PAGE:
What if we were to question this entire premise? Rather than streamlining Hong Kong, Taiwan, and the PRC into a “Greater China” with “one country, several systems” as its natural zenith, we argue that they are better understood as possessing divergent, independent histories that have only recently and unexpectedly been brought together by the force of Beijing’s ambitions. Indeed, the idea that Taiwan and Hong Kong were both “lost” to China and need to be recovered is rooted in an anachronistic reading of late imperial Chinese history that downplays the extent to which both territories have been subject to colonial violence. Taiwan has, for millennia, been home to indigenous people of Austronesian descent. Large-scale migration from China began only in the early seventeenth century under thirty-eight years of Dutch rule. Only in 1683 did the Qing invade the island and make it a prefecture of Fujian province. The territories that now make up Hong Kong had also long been home to diverse populations, and their relationship with China’s various imperial governments were sporadic and uneven. The late nineteenth century was a significant turning point for both territories. In 1895, in the twilight of the Qing dynasty, Taiwan was granted to Japan as part of the settlement for the First Sino-Japanese War. Although Hong Kong Island had been ceded to Britain in 1842, it was only in 1898 that large swaths of the territory north of the island were taken by Britain as part of a 99-year “lease,” a move that sparked a bloody six-day rebellion by bold villagers in the hills of the New Territories.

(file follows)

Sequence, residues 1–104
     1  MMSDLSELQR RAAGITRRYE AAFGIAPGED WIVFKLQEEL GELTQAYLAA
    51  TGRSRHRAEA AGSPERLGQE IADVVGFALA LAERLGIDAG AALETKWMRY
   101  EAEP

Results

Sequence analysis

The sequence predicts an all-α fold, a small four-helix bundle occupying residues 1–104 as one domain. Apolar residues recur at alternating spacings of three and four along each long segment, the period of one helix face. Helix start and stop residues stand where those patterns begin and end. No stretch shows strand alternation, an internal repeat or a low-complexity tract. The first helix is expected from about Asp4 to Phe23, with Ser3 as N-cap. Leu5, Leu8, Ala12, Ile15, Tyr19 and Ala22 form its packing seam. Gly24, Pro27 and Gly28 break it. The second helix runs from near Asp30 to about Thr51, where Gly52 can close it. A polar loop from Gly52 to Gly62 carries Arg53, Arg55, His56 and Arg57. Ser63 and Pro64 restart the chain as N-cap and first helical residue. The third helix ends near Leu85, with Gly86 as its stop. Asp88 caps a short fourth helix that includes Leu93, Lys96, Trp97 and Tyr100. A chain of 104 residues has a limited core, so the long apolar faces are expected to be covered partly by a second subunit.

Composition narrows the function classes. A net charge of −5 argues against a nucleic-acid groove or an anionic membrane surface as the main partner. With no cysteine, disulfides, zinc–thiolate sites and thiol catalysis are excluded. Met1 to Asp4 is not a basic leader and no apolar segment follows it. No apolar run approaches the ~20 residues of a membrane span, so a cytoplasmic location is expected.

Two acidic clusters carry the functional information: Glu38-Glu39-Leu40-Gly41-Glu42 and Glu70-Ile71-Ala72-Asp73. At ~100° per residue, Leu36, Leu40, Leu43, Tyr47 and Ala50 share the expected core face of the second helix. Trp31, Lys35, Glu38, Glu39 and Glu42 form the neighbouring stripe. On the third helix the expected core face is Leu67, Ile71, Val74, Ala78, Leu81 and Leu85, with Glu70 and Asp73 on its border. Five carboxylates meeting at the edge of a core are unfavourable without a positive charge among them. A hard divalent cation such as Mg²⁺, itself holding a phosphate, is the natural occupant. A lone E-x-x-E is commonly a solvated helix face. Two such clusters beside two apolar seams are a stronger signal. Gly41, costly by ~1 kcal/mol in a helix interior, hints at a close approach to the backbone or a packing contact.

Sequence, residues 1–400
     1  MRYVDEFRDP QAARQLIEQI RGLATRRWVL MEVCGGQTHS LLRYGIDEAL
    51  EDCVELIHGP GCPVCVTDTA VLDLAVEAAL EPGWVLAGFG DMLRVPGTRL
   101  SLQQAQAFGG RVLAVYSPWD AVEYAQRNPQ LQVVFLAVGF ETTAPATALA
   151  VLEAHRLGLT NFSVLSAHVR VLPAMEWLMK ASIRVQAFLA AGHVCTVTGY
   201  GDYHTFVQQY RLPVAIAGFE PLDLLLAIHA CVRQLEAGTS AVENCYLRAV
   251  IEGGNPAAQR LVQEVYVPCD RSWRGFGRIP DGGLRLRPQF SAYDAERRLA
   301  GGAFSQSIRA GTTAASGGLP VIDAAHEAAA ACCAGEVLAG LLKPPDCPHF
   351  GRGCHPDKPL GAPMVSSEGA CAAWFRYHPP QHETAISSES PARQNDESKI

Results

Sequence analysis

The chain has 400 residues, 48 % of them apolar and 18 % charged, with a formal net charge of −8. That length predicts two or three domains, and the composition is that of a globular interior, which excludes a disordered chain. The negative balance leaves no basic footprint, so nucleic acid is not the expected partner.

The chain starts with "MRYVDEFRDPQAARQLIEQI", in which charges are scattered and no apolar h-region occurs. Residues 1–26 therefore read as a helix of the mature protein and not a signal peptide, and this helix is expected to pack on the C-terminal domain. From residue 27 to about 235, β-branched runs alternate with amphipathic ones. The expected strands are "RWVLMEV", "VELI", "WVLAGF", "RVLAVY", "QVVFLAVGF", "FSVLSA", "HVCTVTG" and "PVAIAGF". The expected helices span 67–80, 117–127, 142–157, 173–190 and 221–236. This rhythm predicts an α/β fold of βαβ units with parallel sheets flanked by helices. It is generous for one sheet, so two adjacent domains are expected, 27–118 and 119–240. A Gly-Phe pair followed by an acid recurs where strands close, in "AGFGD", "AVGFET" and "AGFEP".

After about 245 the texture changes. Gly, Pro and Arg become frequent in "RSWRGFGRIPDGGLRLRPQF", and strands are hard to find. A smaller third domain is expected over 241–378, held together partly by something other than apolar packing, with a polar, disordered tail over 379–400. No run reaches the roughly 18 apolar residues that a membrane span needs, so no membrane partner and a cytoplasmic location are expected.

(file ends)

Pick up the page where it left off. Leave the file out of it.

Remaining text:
For the next fifty years, the experiences of Taiwan and Hong Kong veered significantly from that of China – and each other. While the Revolution of 1911 (Xinhai Revolution) replaced the sprawling Qing dynasty with the Republic of China,  the Japanese continued their rule over Taiwan unaffected, brutally disciplining it into a pliable and profitable agricultural colony. Hong Kong, on the other hand, though impacted by the social and political upheavals across the border, was hardly a passive observer to them. Rather, the city was forging its own destiny as a critical node on a transnational network facilitating the flow of goods, peoples, and ideas across the world, its growing population of diverse settlers building a vibrant financial sector, launching cross-regional labor movements, and spearheading innovations in cinema, literature, and theater. On Christmas Day, 1941, for the briefest of periods, Taiwan and Hong Kong’s modern history converged. That day, Hong Kong once again changed hands as the territory was occupied as part of Japan’s swift move to conquer the Pacific, overrun in the same month as the bombing of Pearl Harbor and the Japanese invasion of the Philippines.